(HealthDay)—A small proportion of U.S. adults engage in lifestyle behaviors known to reduce the risk of type 2 diabetes, according to a study published in the March issue of Diabetes Care.
Karen R. Siegel, Ph.D., M.P.H., from the U.S. Centers for Disease Control and Prevention in Atlanta, and colleagues conducted a cross-sectional analysis of 3,679 non-pregnant, non-lactating individuals aged 20 years or older without diabetes. Participants provided two days of reliable dietary data in the 2007 to 2012 National Health and Nutrition Examination Surveys. The average of two days of dietary recall and self-reported leisure time physical activity were used to assess whether participants met type 2 diabetes risk reduction goals.
The researchers found that about 21, 29, and 13 percent of individuals met fruit, vegetable, and dairy goals, respectively. About half (51.6 percent) and 18 percent met the goals for total and whole grains, respectively; 54.2 percent met the meat/beans goal; and 40.6 percent met the oils goal. Overall, 37.8 and 58.6 percent met the physical activity and weight loss/maintenance goals, respectively. Only 3.1 percent of participants met the majority of type 2 diabetes risk reduction goals. The probability of meeting goals was lower with younger age and lower educational attainment.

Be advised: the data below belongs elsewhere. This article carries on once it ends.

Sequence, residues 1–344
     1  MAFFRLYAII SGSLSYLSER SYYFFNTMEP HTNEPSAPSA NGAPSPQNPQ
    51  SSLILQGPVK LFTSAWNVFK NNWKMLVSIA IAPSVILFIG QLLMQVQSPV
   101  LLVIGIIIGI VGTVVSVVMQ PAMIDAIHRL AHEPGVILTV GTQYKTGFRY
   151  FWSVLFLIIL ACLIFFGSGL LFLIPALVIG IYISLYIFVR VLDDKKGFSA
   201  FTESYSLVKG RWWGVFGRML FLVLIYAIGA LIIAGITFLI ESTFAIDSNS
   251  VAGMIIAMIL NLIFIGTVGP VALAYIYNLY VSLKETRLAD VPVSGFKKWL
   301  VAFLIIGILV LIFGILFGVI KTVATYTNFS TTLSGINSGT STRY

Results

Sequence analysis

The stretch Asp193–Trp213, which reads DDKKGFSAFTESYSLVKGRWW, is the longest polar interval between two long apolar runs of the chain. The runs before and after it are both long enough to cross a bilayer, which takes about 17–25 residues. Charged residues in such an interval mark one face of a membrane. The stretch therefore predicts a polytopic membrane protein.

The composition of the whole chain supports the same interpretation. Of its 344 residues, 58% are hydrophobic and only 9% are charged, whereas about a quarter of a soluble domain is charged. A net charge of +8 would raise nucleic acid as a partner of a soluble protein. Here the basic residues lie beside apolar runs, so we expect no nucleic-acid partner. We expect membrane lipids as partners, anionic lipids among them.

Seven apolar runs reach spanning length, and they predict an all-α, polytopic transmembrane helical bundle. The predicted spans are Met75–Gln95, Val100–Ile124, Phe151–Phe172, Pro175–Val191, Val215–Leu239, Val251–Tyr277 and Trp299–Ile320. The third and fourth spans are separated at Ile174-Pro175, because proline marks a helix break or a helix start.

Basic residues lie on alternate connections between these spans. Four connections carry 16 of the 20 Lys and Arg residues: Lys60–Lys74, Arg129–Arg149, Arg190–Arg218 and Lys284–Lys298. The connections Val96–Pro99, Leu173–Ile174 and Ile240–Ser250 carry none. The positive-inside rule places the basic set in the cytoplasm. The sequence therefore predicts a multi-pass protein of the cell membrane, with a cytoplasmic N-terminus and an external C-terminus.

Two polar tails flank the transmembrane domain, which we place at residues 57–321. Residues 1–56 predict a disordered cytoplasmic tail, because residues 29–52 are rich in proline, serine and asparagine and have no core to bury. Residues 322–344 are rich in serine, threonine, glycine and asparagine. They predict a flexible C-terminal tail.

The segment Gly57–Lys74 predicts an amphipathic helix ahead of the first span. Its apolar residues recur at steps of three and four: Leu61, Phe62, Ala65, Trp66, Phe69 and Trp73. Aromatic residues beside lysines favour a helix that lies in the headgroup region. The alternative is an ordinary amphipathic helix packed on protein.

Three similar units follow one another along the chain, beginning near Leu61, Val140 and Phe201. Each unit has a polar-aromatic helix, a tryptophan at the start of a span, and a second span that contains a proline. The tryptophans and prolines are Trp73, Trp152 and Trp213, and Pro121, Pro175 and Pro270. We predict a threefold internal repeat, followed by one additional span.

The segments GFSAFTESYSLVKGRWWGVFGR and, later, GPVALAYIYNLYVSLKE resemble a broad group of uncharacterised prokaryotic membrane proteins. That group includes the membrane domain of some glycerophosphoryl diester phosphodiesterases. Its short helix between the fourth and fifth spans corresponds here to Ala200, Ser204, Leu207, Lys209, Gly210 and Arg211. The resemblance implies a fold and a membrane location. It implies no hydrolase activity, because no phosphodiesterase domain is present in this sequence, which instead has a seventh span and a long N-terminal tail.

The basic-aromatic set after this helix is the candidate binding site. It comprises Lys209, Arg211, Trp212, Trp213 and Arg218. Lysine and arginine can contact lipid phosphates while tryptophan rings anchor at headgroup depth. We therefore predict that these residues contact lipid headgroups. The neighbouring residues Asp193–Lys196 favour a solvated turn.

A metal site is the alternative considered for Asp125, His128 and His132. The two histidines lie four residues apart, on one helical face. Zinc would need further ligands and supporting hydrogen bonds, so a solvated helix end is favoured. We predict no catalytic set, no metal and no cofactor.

"A small proportion of U.S. adults engages in risk reduction behaviors," the authors write. "Research and interventions targeted at young and less-educated segments of the population may help close gaps in risk reduction behaviors."
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